If M. Night Shyamalan made a movie about gas companies' pillaging of the heartland, Promised Land would be it. Meaning there's a "swing away" twist at the end that tries to explain everything but ends up pretty much ruining any credibility and relevance in the story instead.
If you see the movie, slip the projectionist a tip and ask that he dumps a soda on the equipment with 20 minutes left. You'll walk out of the theater without a resolution, but will at least be better off than those who are stuck watching the aliens get killed by water.
New "it" couple Matt Damon and John Krasinski teamed up on the screenplay and play rival tastemakers who storm a small town, manipulating the folk into voting their way on the issue of whether to let a giant energy company frack them long and hard, letting the town splash natural gas all over its farms and water in return for millions of dollars.
Damon, along with trusty sidekick Frances McDormand, is the big gas suit sent to use his silver-tongued devil charms to trick the yokels into the deal, while Krasinski is the idealistic hippie there to stop him with his goody bag of guerrilla tactics, while also finding time to pull a few outrageous pranks on Dwight.
Locked up in a game of spy vs. spy, Damon and Krasinski make for some entertaining one-upsmanship. They lock horns at a karaoke bar — unfortunately not in a singing competition, though — fight for the favor of a teacher/bar rat (Rosemarie DeWitt) and talk some crazy smack as they struggle for the soul of a confused, real-life FarmVille.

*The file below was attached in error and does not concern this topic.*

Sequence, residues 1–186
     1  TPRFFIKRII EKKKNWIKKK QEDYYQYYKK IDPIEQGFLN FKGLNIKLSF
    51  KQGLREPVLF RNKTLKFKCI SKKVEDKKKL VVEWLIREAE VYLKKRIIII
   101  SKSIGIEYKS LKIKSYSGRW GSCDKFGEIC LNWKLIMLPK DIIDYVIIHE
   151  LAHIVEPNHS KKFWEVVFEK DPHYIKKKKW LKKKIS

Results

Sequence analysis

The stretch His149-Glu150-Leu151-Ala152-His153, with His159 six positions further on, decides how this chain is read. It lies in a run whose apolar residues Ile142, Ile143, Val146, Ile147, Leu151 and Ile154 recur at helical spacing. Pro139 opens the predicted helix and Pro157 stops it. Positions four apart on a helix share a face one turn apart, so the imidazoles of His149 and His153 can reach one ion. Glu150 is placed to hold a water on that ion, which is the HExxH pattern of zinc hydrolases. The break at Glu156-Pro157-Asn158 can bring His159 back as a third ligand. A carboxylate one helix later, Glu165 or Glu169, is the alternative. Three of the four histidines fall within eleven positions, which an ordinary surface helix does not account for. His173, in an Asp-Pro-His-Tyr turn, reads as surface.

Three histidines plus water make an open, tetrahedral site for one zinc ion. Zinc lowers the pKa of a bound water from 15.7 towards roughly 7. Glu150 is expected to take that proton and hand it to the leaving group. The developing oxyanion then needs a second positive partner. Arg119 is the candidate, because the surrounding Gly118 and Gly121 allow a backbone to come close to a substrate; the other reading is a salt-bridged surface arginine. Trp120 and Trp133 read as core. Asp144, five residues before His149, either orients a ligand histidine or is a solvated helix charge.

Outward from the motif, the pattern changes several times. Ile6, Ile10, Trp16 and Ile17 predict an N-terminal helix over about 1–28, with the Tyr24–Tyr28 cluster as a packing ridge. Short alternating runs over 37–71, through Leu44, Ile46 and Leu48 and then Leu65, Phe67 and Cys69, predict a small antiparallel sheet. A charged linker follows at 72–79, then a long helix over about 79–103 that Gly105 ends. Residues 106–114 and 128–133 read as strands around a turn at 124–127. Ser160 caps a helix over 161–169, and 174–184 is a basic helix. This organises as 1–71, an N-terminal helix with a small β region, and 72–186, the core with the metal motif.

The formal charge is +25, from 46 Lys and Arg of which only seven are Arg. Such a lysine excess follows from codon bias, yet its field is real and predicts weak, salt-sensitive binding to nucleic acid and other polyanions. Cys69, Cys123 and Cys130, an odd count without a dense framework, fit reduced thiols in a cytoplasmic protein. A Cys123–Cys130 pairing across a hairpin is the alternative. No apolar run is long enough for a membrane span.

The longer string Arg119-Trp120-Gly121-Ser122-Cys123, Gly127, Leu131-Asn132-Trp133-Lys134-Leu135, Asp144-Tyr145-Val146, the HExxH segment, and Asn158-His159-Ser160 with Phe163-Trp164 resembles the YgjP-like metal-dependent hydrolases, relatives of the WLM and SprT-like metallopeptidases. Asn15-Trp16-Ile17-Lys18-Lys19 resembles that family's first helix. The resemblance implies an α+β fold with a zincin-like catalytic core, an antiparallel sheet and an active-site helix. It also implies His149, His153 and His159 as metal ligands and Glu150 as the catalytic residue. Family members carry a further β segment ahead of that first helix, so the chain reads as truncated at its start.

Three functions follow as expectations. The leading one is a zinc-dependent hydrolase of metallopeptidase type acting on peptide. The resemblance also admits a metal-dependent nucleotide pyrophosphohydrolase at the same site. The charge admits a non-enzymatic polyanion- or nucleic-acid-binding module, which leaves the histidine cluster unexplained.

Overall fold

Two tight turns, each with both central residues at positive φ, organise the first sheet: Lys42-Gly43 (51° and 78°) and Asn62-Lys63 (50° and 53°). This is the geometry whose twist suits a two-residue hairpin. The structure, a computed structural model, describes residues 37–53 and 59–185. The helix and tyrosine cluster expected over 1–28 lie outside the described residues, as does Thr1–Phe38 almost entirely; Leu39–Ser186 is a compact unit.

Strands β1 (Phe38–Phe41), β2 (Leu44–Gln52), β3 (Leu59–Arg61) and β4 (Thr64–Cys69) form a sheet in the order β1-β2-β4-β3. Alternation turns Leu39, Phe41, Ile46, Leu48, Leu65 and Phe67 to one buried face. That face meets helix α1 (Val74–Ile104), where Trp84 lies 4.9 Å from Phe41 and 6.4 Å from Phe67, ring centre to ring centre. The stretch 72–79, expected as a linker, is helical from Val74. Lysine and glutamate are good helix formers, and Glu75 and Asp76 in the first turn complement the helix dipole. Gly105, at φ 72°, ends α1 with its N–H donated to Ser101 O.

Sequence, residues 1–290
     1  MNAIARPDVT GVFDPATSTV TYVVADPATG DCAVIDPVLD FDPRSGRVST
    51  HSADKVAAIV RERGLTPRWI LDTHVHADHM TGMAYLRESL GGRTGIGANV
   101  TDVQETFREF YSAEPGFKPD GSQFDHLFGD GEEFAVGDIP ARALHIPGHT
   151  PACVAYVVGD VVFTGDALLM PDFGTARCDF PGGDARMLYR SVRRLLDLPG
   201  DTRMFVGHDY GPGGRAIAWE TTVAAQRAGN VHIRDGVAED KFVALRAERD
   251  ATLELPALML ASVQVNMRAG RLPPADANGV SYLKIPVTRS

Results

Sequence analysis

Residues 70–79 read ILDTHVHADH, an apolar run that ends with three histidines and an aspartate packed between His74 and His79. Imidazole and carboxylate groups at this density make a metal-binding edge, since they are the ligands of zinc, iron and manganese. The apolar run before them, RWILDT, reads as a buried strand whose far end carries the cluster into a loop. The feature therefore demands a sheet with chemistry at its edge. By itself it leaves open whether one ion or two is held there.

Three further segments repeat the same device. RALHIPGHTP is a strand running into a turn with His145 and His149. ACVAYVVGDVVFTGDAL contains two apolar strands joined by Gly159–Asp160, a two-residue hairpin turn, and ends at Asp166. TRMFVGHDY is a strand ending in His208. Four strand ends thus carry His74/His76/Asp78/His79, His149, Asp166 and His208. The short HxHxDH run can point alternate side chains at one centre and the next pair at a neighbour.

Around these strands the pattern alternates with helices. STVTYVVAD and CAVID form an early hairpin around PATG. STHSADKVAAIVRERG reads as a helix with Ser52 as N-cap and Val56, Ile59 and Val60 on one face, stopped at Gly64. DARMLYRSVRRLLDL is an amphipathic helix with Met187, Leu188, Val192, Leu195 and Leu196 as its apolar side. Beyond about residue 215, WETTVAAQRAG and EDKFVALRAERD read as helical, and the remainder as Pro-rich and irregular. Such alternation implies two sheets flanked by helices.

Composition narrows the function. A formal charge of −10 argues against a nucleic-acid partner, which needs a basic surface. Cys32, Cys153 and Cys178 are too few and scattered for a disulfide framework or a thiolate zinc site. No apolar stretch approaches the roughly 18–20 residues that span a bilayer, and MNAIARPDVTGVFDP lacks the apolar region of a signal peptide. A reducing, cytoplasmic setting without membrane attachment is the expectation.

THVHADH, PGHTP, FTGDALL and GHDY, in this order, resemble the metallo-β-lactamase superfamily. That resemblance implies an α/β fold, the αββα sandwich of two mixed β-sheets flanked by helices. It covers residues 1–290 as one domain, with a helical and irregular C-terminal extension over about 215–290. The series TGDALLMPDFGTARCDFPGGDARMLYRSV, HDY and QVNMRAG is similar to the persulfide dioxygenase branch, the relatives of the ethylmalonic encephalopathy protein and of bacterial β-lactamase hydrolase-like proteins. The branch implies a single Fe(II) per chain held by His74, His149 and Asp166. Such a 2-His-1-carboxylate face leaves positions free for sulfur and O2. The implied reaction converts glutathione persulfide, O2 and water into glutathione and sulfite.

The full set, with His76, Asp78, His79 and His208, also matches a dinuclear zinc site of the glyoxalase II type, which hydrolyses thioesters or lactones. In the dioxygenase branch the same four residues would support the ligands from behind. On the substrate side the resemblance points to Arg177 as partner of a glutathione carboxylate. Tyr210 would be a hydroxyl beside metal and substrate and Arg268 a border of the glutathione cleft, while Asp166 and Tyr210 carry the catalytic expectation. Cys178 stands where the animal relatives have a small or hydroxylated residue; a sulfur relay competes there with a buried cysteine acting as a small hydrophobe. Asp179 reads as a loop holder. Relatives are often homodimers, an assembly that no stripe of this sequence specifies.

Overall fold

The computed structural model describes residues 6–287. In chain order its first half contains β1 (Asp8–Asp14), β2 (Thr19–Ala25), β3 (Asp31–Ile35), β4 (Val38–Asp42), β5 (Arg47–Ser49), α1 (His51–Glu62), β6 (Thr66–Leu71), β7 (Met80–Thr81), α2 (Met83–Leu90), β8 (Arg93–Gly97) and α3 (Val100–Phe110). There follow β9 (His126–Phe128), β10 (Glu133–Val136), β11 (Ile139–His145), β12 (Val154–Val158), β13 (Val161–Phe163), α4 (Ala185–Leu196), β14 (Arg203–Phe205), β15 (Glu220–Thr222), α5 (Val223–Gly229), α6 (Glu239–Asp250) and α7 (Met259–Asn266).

Director Gus Van Sant, who boosted Damon to stardom in Good Will Hunting, has the hunting part down pat here, but has a little trouble arranging the goodwill. This is one of those impassioned message movies that makes its point early on, then beats you over the head with it, haphazardly acknowledging the shades of grey without admitting they have any validity. The considerable star power and writing talent goes to waste, but it's to be down on a movie that's so watchable for most of the running time.
Promised Land has a lot of the pieces necessary for a watershed movie. I wish there had been less Shyamalan and more Ben Affleck, I guess. A little organic humor wouldn't have hurt, either. Because I also wish I had a double burger.
Starring Matt Damon, John Krasinski, Frances McDormand and Rosemarie DeWitt. Written by Krasinski and Damon. Directed by Gus Van Sant. 106 minutes. Rated R.